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Baking is more than recipes for aspiring chef

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"I've got a passion for baking", senior Maddie MCGuire said. "I love to do it all and be able to share it with others." Maddie carefully pipes frosting ropes on a cake for a family friend's 50th birthday party.

Lana Monkhouse

Lana Monkhouse

"I've got a passion for baking", senior Maddie MCGuire said. "I love to do it all and be able to share it with others." Maddie carefully pipes frosting ropes on a cake for a family friend's 50th birthday party.

Lana Monkhouse, Staff Writer

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Things started off smoothly. The room smelled of rasberry filling and freshly baked chocolate cake as she smeared homemade frosting on the layered creation and sang along to her favorite Taylor Swift tune. But a moment later, as heat from the overhead lamps filled the small room, she hurried to finish her task while keeping the icing– carefully piped ropes of wilted buttercream — from melting.
Imitating her idols — pastry chefs from the popular television shows, “Ace of Cakes” and “Cake Boss” — senior Maddie McGuire put the cake in the refrigerator, took a deep breath and a sip from her water bottle and tried not to panic. She can’t panic, ever — not if she wants to stay on a path toward a career in the culinary industry.
At a young age, Maddie’s attention to detail was apparent. As she placed candies atop gingerbread houses annually with friends and family and donned an apron to help her mom in the kitchen, Maddie began to notice the satisfaction she got from creating. Having many older siblings and friends working alongside her only made her more determined.
“Being the youngest, Maddie was always trying to keep up with the big kids, and I think she did a pretty good job,” said father Jeff McGuire said.
Baking a cake takes around three days — and three days are hard to come by in Maddie’s schedule. She fills her time with after-school activies like A Capella choir and varsity theater, and the stage is her main priority as she prepares for the theater department’s production of “The 25th Annual Putnam County Spelling Bee.”
But her schedule doesn’t keep her out of the kitchen altogether.
“If I’m having a bad day, I’ll come home and make some cookies or something,” Maddie said. “My mind can just go on autopilot.”
Maddie is a perfectionist in all areas of her life, whether it’s grammar rules in her English class or hitting a note just right in the choir room. Her face was creased with concentration as she used a toothpick to carefully shape a pink rose made from buttercream frosting that sat upon the cake she was baking for a 50th birthday party. This is where her perfectionism becomes a problem.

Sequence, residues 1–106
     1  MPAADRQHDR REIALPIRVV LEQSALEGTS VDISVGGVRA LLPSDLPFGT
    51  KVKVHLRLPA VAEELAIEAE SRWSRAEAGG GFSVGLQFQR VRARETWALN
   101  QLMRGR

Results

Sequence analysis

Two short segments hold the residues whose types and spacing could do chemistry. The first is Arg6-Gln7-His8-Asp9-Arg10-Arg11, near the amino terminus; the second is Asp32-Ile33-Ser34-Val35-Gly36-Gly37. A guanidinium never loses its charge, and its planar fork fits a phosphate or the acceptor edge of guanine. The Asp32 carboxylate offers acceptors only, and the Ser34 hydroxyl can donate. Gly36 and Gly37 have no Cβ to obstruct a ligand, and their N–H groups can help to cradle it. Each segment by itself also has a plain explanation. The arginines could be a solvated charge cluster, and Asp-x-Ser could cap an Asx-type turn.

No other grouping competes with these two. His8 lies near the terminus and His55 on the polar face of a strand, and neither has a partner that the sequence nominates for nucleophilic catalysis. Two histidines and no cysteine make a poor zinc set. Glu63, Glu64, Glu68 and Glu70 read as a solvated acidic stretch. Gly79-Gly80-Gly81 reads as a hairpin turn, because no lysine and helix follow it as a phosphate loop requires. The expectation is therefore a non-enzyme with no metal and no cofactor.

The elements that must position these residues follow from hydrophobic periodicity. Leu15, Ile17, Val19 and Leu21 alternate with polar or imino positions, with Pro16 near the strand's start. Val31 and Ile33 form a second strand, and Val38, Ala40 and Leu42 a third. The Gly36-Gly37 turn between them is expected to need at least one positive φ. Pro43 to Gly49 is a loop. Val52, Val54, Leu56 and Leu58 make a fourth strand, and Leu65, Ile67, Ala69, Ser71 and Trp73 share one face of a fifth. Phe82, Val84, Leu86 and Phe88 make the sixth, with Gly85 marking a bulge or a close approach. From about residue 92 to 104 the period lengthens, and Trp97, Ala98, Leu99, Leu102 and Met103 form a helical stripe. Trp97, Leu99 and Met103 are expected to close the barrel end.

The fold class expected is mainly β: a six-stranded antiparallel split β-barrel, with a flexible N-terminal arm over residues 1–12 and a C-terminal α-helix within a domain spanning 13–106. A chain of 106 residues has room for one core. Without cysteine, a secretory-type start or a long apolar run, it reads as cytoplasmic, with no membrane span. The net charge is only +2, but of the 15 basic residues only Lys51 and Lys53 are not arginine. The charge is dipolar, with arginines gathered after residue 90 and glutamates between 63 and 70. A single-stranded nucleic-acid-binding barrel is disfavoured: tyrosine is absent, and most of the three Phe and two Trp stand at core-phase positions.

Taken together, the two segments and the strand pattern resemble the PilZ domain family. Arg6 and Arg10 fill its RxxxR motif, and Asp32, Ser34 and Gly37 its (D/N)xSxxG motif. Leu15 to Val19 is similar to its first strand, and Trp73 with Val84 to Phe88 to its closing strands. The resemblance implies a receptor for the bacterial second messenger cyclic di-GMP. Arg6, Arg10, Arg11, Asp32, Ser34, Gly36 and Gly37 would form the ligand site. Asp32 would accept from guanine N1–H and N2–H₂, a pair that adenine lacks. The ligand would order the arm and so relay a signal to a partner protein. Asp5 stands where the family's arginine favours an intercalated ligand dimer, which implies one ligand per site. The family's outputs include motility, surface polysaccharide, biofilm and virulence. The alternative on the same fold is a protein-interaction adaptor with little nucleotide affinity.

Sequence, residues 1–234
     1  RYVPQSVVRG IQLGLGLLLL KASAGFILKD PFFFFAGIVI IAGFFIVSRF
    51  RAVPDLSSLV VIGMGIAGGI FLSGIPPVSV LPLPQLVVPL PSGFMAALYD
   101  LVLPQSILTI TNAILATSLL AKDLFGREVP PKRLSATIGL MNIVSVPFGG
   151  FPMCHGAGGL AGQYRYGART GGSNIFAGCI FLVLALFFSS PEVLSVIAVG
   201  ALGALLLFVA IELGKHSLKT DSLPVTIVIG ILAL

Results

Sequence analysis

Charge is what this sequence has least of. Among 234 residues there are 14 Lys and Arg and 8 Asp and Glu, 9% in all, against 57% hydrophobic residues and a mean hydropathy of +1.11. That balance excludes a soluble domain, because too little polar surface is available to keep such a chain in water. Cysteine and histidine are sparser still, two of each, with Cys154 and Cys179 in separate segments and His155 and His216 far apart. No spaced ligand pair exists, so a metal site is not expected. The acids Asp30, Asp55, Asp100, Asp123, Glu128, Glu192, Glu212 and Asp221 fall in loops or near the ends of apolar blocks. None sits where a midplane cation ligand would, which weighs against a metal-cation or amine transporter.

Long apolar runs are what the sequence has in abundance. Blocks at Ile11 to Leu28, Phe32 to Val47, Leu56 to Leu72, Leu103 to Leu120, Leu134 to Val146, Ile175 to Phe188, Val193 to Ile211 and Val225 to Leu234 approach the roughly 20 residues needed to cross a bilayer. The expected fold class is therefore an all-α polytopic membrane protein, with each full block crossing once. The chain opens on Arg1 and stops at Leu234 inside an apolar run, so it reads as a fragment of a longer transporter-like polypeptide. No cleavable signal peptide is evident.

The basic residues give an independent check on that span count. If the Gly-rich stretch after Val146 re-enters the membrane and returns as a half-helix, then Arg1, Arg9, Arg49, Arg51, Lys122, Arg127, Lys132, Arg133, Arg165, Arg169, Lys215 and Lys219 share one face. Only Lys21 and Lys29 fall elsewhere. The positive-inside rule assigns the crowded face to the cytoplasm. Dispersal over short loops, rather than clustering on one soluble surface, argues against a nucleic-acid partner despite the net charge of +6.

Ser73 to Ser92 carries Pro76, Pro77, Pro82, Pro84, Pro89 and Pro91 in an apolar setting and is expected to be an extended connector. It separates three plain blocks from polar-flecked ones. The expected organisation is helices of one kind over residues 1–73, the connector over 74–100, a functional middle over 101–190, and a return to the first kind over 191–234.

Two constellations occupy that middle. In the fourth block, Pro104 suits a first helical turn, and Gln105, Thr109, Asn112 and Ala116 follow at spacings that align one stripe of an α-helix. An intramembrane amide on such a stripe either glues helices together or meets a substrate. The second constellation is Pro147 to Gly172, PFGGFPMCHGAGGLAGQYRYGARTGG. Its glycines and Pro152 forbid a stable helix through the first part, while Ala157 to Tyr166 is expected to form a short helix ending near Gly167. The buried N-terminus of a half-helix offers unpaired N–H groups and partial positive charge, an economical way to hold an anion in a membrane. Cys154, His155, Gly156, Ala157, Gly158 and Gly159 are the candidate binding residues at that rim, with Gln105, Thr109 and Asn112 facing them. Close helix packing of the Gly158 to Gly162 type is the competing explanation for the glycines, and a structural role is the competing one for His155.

“It takes me longer to do things,” Maddie said. “If I’m not satisfied with [a cake] I’m not going to let it out the door because if it’s not something I’m proud of, why would I want it to be part of someone else’s special event?”
Maddie said she has learned that she sometimes has to set her perfectionism aside and salvage what she has to left work with. Cakes almost never turn out exactly she wants them to, and, through both a 16th bithday cake gone awry and a Chinese takeout box themed cake that didn’t turn out as planned, she has discovered how to deal with major mess-ups.
“It happens to even the people on TV,” Maddie said. “They’re like ‘okay, let’s see what we can do,’ and I think that can be applied to life in general. When something happens you just have to be like, ‘okay, how can we fix this?”
Since she is mainly self-taught, Maddie decided to hone her pastry-making skills in a piping class this summer at Michael’s. Besides learning how to make frosting flowers, Maddie gained knowledge on what she stressed as a very important kitchen skill – saving a cake that is stuck to the bottom of a pan.
“When I do go into school [for pastry arts], I’ll already have a leg up because I can say, ‘Hey! I already know how to do this,'” rather than just figuring it out on my own,” Maddie said.
It was just last year that Maddie really began to think of baking as more than just a hobby. When a friend’s mom approached her about purchasing a cake for a surprise 16th birthday party, Maddie realized that this was something that she could do for a living.
“I’d never had that happen before,” Maddie said. “It never occurred to me that someone would want to pay me for my cakes.”
After high school, Maddie has big plans for her baking career — some of which are partially inspired by her older sister, Meghan McGuire.
“Now that my girls are older I don’t do so much of the cooking anymore because they like to come in and take over,” said Dee McGuire, Maddie’s mother. “Her sister will make dinner and [Maddie] will make dessert. It’s really rewarding because I feel like I did something right.”
Maddie started her college search at Le Cordon Bleu Culinary School in Dallas, but her research has lead her to Collin College — a place she feels is a little more low key — where she plans to double major in culinary and pastry arts.
“I’ll support her with whatever she chooses,” Dee said. “She’s got natural talent.”
Maddie hopes that she can make it in the big-time cake industry, but ultimately, she feels that the joy she gets from baking comes mostly outside of the kitchen.
“I can make something that will make somebody’s day — that’s really special,” Maddie said.

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Baking is more than recipes for aspiring chef